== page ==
NotesFAQContact Us
Collection
Advanced
Search Tips
ERIC Number: ED537440
Record Type: Non-Journal
Publication Date: 2012-Oct
Pages: 15
Abstractor: ERIC
Reference Count: 0
ISBN: N/A
ISSN: N/A
How Should Educators Interpret Value-Added Scores? What We Know Series: Value-Added Methods and Applications. Knowledge Brief 1
Raudenbush, Stephen W.; Jean, Marshall
Carnegie Foundation for the Advancement of Teaching
A teacher's value-added score is intended to convey how much that teacher has contributed to student learning in a particular subject in a particular year. Different school districts define and compute value-added scores in different ways. A variety of people may see value-added estimates, and each group may use them for different purposes. Teachers themselves may want to compare their scores with those of others and use them to improve their work. Administrators may use them to make decisions about teaching assignments, professional development, pay, or promotion. Parents, if they see the scores, may use them to request particular teachers for their children. And, finally, researchers may use the estimates for studies on improving instruction. Using value-added scores in any of these ways can be controversial. Some people doubt the validity of the achievement tests on which the scores are based, some question the emphasis on test scores to begin with, and others challenge the very idea that student learning gains reflect how well teachers do their jobs. The authors' purpose is to answer a more limited, but essential, question: How might educators reasonably interpret value-added scores? Social science has yet to come up with a perfect measure of teacher effectiveness, so anyone who makes decisions on the basis of value-added estimates will be doing so in the midst of uncertainty. Making choices in the face of doubt is hardly unusual--they routinely contend with projected weather forecasts, financial predictions, medical diagnoses, and election polls. But as in these other areas, in order to sensibly interpret value-added scores, it is important to do two things: understand the sources of uncertainty and quantify its extent. The authors' aim is to identify possible errors of interpretation, to consider how likely these errors are to arise, and to help educators assess how consequential they are for different decisions. They will begin by asking how value-added scores are defined and computed. Next, they will consider two sources of error: statistical bias and statistical imprecision. (Contains 4 figures, 1 table, and 11 endnotes.)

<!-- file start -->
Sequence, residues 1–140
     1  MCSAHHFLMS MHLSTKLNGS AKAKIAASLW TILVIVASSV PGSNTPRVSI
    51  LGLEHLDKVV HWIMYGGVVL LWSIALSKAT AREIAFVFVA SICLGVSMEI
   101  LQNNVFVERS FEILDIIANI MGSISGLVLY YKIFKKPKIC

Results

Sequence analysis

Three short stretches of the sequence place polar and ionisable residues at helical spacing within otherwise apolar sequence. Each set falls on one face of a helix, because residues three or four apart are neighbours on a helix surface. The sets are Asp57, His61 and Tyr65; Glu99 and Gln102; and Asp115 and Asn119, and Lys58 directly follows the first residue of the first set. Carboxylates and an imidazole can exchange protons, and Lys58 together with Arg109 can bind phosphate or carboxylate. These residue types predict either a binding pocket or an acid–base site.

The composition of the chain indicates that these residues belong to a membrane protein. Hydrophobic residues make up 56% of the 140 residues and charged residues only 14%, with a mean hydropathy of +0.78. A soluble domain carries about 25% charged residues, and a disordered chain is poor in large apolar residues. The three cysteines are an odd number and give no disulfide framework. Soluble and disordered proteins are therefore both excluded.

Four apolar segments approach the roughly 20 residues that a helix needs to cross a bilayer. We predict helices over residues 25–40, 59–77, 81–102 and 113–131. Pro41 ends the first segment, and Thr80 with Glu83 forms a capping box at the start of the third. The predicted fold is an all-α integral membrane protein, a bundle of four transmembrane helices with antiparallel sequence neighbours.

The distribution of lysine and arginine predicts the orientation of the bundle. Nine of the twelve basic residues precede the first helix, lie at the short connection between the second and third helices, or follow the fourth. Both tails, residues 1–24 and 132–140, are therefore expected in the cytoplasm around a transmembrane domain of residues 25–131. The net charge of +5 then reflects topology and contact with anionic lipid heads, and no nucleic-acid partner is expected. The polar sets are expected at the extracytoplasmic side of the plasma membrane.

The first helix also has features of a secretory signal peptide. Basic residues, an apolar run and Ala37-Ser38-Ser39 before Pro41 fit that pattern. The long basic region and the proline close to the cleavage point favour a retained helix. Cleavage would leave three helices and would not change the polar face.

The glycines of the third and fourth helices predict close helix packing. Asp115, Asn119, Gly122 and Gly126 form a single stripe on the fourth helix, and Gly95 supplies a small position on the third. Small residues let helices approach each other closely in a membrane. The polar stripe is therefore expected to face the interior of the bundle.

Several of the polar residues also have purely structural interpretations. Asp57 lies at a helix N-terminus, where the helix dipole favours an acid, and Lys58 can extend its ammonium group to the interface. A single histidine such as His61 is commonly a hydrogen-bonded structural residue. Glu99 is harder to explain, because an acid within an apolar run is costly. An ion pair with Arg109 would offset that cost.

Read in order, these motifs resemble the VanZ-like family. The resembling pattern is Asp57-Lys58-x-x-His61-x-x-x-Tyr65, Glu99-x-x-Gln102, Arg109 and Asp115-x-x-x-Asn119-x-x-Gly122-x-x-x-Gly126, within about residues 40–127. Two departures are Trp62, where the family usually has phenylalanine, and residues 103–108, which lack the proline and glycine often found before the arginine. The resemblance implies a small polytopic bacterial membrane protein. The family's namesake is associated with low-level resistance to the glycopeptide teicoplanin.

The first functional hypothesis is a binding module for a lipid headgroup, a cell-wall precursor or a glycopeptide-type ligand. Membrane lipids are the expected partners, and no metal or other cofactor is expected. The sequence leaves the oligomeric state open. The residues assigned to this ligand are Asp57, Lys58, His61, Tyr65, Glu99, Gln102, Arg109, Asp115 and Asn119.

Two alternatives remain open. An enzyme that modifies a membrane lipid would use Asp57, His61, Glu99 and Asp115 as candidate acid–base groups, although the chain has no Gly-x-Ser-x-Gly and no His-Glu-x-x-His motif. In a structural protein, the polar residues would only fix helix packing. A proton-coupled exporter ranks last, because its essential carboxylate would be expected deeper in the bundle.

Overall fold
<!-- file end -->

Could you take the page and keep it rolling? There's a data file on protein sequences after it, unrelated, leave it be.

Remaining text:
Carnegie Foundation for the Advancement of Teaching. 51 Vista Lane, Stanford, CA 94305. Tel: 650-566-5102; Fax: 650-326-0278; e-mail: publications@carnegiefoundation.org; Web site: http://www.carnegiefoundation.org
Publication Type: Reports - Evaluative
Education Level: Elementary Secondary Education
Audience: N/A
Language: English
Sponsor: Institute of Education Sciences (ED)
Authoring Institution: Carnegie Foundation for the Advancement of Teaching